1. What drew you to start writing poetry?
When I was six years old I found an old high school copy of Macbeth that mother hadn’t returned when she dropped out at age 16. We had so few books in the apartment that I was immediately struck by it. When I began to read it I had never experienced language being used in that way (iambic pentameter). Even though I did not understand many of the words I could follow the story (I was transfixed by the image of a king being stabbed with daggers, a mad Queen Macbeth sleepwalking through a Scottish Castle, the three Weird Sisters chanting out their witches’ brew) and the rhythm of the language became inscribed, entrained in me somehow. I found my thoughts assuming the rhythms I had read in Shakespeare and I began to write them down. I suppose a poetic practice evolved from there.
2. Who are your biggest influences?
Margaret Christakos, Lisa Robertson, Erin Moure, Ken Babstock, Dionne Brand, Marie Annharte Baker, Karen Solie, Aisha Sasha John, Shannon Maguire, Mat Laporte, Ariana Reines, Ben Lerner, Eileen Myles, Alice Notley, Bernadette Mayer, Gloria Anzaldua, Kathy Acker, Robert Creeley, Charles Olson, Sylvia Plath, Gertrude Stein, Rilke others I am no doubt forgetting.
3. You have a distinctive voice and you pay particular attention to line length, even though length can change dramatically from one poem to the next. Did you consciously develop this style? What prompts your choice of line length in each poem?
I like to experiment with line length during the editing process. It is often a cue for me when reading how fast to jump from line to line, whether there will be a breath in between or there will be a breathless cascade of utterance. Sometimes its tied to the content of some poems (my more narrative poems often have short lines to stagger the listener/reader in an attempt to subvert the automatic immersion into story without a more nuances appreciation of language/line compression, etc.). I will decide on line length after trying out differing lengths and then reading each aloud, sometimes recording myself and listening back to confirm which sounds/”works” the “best.”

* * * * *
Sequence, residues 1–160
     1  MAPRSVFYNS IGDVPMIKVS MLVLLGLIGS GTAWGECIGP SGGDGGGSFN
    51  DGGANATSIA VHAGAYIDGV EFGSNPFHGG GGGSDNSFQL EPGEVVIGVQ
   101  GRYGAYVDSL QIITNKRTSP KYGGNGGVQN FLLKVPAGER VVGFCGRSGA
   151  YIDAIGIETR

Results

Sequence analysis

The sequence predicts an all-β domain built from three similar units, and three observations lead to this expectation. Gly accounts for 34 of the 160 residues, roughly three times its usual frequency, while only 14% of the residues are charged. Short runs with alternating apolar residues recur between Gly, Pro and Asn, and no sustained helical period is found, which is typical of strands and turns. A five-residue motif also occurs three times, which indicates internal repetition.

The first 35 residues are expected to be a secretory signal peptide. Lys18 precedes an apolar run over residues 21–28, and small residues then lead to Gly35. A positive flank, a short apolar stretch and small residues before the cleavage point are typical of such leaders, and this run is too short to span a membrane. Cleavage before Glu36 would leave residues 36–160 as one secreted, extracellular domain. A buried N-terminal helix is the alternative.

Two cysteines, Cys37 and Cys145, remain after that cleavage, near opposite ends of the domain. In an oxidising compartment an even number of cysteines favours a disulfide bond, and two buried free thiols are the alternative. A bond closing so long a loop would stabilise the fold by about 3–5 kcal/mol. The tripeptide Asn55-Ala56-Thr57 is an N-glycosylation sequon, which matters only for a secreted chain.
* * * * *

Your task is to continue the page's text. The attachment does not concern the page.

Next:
4. Your poem “Thinktent” harkens to the poets of the Romantic period when Wordsworth, Keats, and others explored themes of science vs. nature. You seem to be of two minds as well, a scientific lab researcher in your “day job” and a poet informed by your Anishnaabe heritage. How do you personally reconcile science, with all its good and bad, versus Nature? Is the world too much with us?
I suppose I would say that I do not believe in Nature, the so-called Natural which is apart from and supposedly diametrically opposed in its “goals” in comparison to humans. Humanity and her worlds and fundamentally enmeshed with all other constituent beings in the dynamic ecology which is this known universe. Science is a way of interpreting the world as are the Anishinaabe traditions of reading the land, learning respectfully from plants and animals, and imploring the other-than-human world for guidance. I believe there are many ways that each of us can make sense of our worlds. I trained in Western science and still have a great respect for it but I have also tried to incorporate Anishinaabe views into my thinking and life practice. This is the basis, I think, of my poetics.
5. You mention in an interview with the Globe and Mail that you never thought of becoming a poet per se, and that you literally had an editor call you up with a book offer – every writer’s fantasy. How did it feel then to win the 2016 Griffin Poetry Prize?
As if I were simultaneously being pulled up into stratosphere and down into the earth’s molten core.
LIZ HOWARD’s Infinite Citizen of the Shaking Tent won the 2016 Griffin Poetry Prize, the first time the prize has been awarded to a debut collection. It was also a finalist for the 2015 Governor General’s Award for Poetry, was longlisted for the 2015 Type Book Award, and received an honourable mention for the Alanna Bondar Memorial Book Prize. Her chapbook Skullambient (Ferno House, 2011) was shortlisted for the bp Nichol Chapbook Award. Born and raised in northern Ontario, Howard received an Honours Bachelor of Science with High Distinction from the University of Toronto, and an MFA in Creative Writing through the University of Guelph. She now lives in Toronto where she works as a neurocognitive aging research assistant.
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